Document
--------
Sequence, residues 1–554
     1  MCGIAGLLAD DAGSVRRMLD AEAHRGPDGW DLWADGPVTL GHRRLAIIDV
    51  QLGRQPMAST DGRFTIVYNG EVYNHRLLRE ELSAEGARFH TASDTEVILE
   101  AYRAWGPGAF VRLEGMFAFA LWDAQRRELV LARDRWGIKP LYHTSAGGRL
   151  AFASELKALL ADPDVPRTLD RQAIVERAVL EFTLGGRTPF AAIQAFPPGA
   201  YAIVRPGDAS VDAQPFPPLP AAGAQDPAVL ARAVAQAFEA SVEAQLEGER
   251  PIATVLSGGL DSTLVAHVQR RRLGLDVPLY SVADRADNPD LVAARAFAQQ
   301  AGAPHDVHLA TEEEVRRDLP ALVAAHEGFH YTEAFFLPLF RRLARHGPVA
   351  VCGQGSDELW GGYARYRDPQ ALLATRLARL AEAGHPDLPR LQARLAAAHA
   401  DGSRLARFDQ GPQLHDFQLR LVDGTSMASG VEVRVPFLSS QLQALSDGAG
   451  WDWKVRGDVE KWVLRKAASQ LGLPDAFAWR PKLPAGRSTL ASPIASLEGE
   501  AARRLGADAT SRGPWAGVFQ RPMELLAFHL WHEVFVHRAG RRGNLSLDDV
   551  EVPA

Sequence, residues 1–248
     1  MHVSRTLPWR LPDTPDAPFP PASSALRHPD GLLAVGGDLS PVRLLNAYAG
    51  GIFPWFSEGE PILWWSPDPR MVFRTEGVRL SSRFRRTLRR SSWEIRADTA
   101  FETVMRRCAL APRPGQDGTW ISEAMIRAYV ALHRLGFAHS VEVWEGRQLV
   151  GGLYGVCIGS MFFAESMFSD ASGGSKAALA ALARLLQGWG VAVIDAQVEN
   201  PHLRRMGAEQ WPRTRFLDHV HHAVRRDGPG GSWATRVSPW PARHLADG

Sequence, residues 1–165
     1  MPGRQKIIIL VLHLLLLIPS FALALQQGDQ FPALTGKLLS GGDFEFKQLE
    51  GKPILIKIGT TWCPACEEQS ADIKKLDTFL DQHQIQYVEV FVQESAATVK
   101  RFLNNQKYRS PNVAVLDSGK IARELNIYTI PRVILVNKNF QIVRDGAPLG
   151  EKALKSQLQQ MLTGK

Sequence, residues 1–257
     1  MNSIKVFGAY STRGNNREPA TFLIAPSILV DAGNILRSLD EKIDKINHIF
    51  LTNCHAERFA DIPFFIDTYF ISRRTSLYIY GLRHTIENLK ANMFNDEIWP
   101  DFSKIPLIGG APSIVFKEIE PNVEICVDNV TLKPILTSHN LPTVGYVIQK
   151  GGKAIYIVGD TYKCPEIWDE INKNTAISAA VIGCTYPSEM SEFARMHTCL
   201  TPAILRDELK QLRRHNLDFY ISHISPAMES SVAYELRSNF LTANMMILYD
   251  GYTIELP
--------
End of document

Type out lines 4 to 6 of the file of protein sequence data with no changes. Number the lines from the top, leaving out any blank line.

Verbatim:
   101  AYRAWGPGAF VRLEGMFAFA LWDAQRRELV LARDRWGIKP LYHTSAGGRL
   151  AFASELKALL ADPDVPRTLD RQAIVERAVL EFTLGGRTPF AAIQAFPPGA
   201  YAIVRPGDAS VDAQPFPPLP AAGAQDPAVL ARAVAQAFEA SVEAQLEGER